Letters to the Editor, August 10, 2016

PUBLISHED : Wednesday, 10 August, 2016, 4:44pm
UPDATED : Wednesday, 10 August, 2016, 4:44pm

Beijing’s tactics play into hands of activists

It would seem that Hong Kong’s flirtation with democracy has come to an end.

In a true democracy we should adhere to the principle of “I disapprove of what you say, but I will defend to the death your right to say it.” But our paranoid masters north of the border and our spineless government have a different ­approach, which would be amusing if it were not so ­worrying.

In the UK, elections are fought between major parties, people with axes to grind and the likes of the Monster Raving Loony Party. Those with nonconformist views are free to stand for election but may expect to ­attract few votes as their policies may be neither practical nor popular.

So why is Beijing/our government so concerned about those who propose independence?

As Mike Rowse and others have pointed out recently, preventing a pro-independence voice from standing for election only brings attention to their cause and attracts support. Why not let them stand for election?

The chances are they will lose, and if they do not lose then ­Beijing should ask itself some serious questions as to why they have the support of the electorate; although Beijing will probably put it down to the result of brainwashing by US sympathisers – “one country, 1.5 systems”.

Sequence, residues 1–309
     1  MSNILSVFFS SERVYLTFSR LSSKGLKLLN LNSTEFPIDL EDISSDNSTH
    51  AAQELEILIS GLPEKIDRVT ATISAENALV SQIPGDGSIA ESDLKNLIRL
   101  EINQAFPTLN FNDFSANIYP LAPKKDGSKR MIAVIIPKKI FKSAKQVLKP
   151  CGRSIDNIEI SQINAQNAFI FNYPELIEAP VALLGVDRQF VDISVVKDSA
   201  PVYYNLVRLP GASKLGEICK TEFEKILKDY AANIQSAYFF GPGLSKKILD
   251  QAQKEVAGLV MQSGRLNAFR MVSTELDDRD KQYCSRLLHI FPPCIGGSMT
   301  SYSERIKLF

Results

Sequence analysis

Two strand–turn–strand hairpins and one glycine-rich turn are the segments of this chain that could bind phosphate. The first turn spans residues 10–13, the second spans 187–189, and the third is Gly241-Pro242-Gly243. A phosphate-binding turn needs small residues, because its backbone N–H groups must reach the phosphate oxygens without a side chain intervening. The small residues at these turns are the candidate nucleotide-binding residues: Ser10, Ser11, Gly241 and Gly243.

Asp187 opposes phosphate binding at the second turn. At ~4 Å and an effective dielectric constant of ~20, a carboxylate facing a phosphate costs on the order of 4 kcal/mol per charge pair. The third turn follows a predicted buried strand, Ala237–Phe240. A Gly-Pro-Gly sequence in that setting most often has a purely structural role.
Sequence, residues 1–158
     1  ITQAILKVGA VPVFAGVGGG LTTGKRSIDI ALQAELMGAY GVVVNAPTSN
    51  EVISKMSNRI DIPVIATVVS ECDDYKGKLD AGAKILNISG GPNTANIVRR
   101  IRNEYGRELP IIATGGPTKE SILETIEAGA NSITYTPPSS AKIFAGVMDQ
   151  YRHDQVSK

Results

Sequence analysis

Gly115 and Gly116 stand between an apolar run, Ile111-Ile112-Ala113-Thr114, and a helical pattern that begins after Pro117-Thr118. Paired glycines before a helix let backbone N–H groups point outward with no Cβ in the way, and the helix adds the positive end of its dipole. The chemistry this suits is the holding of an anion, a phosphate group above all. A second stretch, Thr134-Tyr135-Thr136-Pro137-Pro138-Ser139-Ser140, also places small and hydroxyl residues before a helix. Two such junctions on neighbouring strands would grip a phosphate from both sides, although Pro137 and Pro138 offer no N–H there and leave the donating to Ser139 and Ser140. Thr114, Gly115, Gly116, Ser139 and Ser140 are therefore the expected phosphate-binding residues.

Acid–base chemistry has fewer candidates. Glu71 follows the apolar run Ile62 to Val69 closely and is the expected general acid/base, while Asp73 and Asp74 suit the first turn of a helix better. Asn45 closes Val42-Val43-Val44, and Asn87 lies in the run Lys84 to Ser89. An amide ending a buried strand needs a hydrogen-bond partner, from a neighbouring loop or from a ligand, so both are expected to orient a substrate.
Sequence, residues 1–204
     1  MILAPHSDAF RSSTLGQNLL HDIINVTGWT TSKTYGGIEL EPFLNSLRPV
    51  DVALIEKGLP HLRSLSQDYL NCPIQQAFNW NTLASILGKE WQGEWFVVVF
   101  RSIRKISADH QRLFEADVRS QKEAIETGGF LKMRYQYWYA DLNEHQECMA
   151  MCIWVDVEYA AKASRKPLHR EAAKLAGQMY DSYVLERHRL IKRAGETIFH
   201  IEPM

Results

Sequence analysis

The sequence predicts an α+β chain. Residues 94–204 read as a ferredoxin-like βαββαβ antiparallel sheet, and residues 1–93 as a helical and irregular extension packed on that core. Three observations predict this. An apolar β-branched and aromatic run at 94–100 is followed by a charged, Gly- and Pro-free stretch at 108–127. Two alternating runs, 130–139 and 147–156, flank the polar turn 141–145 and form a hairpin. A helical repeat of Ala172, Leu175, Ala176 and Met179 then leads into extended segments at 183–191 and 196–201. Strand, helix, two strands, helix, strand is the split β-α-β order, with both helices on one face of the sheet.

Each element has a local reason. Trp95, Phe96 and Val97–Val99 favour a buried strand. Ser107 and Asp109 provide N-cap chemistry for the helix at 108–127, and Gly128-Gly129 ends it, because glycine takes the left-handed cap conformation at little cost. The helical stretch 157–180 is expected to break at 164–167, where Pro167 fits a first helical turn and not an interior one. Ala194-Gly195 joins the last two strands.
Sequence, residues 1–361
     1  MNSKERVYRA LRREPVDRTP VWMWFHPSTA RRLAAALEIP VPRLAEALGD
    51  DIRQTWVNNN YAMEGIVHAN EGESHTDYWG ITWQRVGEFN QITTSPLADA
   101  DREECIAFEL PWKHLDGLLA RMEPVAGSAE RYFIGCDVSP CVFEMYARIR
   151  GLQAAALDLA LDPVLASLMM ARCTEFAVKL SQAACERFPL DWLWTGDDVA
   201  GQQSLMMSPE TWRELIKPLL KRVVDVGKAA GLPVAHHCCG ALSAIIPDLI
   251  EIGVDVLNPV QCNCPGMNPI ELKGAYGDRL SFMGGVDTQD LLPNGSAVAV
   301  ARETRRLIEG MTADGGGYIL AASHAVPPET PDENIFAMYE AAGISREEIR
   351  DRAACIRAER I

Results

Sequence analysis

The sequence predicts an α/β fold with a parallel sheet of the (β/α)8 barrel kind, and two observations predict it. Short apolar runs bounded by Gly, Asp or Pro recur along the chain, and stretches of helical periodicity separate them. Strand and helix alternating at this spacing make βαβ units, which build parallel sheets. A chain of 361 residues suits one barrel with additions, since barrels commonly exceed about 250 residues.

Andy Statham, Happy Valley

Animosity is not part of the Olympic spirit

Sports fans who are watching the Rio Olympics will have been reading about the tense relationship between the Chinese swimmer Sun Yang and Australia’s Mack Horton (“Sun Yang declares war: I’m the king, he tells nemesis Mack Horton as China and Australia trade barbs”, August 8).

Horton won the men’s 400 metres freestyle and Sun was second, losing by a split second. Afterwards Horton described his opponent as a drugs cheat and China demanded an ­apology.

I think both swimmers were at fault. Sun showed a lack of respect for his fellow competitors (he was involved in an altercation with a Brazilian swimmer and coach) and Horton’s ­comments about Sun were ­impolite.

One of the fundamental principles of the Olympic Games should be that competitors from different countries show respect for each other. Friendship between athletes is so important.

If you show ­respect it will be reciprocated.

Sharon Ho, Lam Tin

Difficult to get excited about Games

Many Hongkongers probably watched a lot of the coverage on TV of the Olympic Games in 2008 in Beijing and 2012 in ­London.

Many of us have sentimental feelings about both these cities. But we don’t have the same emotions when it comes to Rio.

There will be some diehard fans who will set their alarm clocks to get up in the middle of the night, but I won’t be one of them. So far, I haven’t watched any events, because the football matches that I am keen to see have not kicked off; so I suppose I am not a genuine fan of the Olympics.

When it comes to losing sleep and being glued to the TV, I will have to wait until the World Cup in Russia in 2018.

Randy Lee, Ma On Shan

Banquet hosts can help to save sharks

Some species of sharks face ­extinction if they keep being killed at the present rate. One of the chief reasons they face this threat is the continuing demand from diners to be served shark’s fin dishes.